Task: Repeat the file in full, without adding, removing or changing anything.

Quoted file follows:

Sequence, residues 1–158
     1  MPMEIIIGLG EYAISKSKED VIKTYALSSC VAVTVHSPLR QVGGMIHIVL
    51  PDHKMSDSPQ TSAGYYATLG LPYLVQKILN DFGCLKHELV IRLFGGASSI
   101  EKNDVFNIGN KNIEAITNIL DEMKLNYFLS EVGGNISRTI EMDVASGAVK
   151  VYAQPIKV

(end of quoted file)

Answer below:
Sequence, residues 1–158
     1  MPMEIIIGLG EYAISKSKED VIKTYALSSC VAVTVHSPLR QVGGMIHIVL
    51  PDHKMSDSPQ TSAGYYATLG LPYLVQKILN DFGCLKHELV IRLFGGASSI
   101  EKNDVFNIGN KNIEAITNIL DEMKLNYFLS EVGGNISRTI EMDVASGAVK
   151  VYAQPIKV